So in the right circumstances are probiotics still relevant? Countless studies show that poor diet, antibiotics or stress can throw out the delicate balance of microbes in our gut, leading to health problems, from poor immune function to issues with digestion and insulin sensitivity.
One way your gut bacteria impacts your day-to-day wellbeing is through, well, your gut health; if you’re suffering from the below tell-tale signs, a well-researched supplement should help, says Pardo.
Just be sure to check the strain, before investing. To help you make the right choice we’ve investigated which strains work best for different conditions.
So what are the key signs you need a probiotic?
Sign you need a probiotic #1: You’re bloated
Bloating is a clear indication that your gut bacteria in your intestine are out of balance, with the bad bacteria outnumbering the good, says Pardo. Even one course of antibiotics can kill off the good bacteria in your gut and cause unfriendly micro-organisms to proliferate.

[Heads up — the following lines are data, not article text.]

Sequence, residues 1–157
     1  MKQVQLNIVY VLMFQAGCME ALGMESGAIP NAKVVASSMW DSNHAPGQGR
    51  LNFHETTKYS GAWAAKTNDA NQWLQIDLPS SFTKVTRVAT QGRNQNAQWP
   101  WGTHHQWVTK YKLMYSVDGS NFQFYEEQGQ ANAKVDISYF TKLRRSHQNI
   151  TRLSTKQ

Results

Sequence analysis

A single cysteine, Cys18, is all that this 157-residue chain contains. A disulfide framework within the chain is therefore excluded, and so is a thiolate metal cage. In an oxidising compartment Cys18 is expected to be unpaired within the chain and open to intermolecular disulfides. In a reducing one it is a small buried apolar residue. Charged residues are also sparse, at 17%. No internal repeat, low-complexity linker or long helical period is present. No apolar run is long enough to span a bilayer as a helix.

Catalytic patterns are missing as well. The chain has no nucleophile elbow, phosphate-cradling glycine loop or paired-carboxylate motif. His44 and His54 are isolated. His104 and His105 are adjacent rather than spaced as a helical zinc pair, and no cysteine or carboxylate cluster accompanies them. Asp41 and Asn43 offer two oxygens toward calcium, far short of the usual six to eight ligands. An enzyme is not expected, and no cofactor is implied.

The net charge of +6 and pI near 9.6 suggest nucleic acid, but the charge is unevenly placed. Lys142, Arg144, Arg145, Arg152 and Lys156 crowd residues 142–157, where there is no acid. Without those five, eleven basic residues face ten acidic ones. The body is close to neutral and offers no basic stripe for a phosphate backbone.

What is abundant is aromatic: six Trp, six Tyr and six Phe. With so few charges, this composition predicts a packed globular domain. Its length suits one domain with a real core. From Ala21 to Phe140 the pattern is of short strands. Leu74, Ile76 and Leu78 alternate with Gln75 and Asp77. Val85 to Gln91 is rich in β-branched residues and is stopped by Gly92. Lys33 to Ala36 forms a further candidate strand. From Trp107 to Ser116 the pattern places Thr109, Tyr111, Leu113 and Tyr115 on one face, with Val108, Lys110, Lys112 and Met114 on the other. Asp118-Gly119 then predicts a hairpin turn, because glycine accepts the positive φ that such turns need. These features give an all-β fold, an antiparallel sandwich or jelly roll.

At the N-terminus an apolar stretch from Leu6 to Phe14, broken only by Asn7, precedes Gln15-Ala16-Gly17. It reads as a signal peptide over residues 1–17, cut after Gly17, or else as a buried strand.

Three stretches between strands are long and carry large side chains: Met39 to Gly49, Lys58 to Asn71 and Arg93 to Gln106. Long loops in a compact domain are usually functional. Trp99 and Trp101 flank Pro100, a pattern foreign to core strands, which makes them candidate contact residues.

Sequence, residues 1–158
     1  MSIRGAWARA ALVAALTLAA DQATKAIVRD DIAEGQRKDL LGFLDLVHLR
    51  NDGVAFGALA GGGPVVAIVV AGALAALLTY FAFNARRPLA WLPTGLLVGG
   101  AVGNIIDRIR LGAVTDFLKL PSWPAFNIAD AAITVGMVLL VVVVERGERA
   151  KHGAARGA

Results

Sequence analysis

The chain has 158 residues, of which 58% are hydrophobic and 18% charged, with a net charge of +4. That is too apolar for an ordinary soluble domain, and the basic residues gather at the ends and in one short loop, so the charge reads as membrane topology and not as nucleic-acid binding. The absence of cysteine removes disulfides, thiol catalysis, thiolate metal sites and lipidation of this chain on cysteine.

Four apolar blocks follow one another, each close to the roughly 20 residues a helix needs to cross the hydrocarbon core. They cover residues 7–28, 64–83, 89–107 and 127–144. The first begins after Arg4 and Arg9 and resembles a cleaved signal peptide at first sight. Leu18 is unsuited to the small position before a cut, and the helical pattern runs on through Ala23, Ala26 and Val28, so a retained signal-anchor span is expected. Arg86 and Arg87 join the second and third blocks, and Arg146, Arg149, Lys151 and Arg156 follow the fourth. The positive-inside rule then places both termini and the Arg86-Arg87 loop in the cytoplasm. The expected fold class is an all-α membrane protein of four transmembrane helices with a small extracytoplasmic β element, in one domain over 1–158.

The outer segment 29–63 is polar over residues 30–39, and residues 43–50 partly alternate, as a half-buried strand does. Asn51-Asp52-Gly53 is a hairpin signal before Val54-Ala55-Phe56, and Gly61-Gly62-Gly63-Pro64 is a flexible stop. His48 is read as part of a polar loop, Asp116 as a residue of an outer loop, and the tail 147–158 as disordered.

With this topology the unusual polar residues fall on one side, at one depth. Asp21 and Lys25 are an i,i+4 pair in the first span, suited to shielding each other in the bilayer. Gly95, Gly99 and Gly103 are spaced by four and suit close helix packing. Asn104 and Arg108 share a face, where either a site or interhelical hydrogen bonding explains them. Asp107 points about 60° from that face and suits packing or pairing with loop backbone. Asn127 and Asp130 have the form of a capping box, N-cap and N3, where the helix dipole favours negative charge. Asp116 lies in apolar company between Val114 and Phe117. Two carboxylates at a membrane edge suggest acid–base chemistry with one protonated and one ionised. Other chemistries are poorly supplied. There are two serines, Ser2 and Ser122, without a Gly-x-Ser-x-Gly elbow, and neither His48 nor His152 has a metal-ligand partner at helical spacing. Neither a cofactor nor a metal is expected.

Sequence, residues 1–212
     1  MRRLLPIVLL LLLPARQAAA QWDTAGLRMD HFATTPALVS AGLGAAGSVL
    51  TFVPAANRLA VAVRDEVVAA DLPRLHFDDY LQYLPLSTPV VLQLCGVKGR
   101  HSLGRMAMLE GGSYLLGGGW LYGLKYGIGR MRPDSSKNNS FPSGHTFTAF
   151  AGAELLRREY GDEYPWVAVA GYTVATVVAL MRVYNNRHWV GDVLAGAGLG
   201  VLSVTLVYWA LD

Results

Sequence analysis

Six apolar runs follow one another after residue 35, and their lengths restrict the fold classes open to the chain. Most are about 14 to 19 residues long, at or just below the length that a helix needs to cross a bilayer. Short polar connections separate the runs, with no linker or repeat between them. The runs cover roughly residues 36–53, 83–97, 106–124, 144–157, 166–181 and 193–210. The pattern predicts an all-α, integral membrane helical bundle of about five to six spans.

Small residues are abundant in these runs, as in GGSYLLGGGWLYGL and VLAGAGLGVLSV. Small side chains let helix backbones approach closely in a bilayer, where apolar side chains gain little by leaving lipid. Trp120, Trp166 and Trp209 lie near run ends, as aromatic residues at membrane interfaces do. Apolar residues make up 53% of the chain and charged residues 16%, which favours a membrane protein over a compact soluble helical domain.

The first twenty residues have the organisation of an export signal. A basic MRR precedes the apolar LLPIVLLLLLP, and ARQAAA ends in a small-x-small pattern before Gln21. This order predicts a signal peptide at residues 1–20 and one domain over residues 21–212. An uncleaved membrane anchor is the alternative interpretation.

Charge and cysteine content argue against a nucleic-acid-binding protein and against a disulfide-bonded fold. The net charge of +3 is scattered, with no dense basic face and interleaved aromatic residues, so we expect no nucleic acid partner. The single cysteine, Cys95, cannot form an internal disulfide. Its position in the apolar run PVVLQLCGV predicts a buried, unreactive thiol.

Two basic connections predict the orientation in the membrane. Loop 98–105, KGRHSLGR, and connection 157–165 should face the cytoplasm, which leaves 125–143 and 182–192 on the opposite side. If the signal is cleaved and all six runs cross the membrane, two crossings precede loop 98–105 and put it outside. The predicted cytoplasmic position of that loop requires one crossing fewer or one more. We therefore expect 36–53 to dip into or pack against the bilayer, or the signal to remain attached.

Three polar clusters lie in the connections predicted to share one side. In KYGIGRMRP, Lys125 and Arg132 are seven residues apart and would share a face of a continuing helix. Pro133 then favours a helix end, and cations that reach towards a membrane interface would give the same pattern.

Of all the gut health issues we discovered through the recent Healthista survey bloating was by far the most common problem with a tight bellied 42.7 per cent suffering from uncomfortable bloated stomach.
Plenty of us are putting up with distended bellies on an almost daily basis, according to the survey, with 15% of respondents experiencing bloating after every meal and often this goes hand-in-hand with other symptoms. ‘Often the bloating is accompanied by pain and flatulence and noisy digestion,’ confirms Pardo.
The good news is that the right probiotic can help and you could see results pretty immediately.
‘A probiotic starts working straight away,’ confirms Pardo. ‘The bloating is caused by excessive gas from fermentation when the bad bacteria feed on carbohydrates in your gut.
‘Bacteria in the gut are fermenting and producing gases all the time, but when the beneficial and pathogenic bacteria are out of balance – say more than 85% good/15% bad – then excessive, often foul-smelling, gas may be produced’.
When the bacteria are back in balance normal levels of fermentation return, says Pardo. How quickly you’ll feel the benefits will depend on the severity of the imbalance.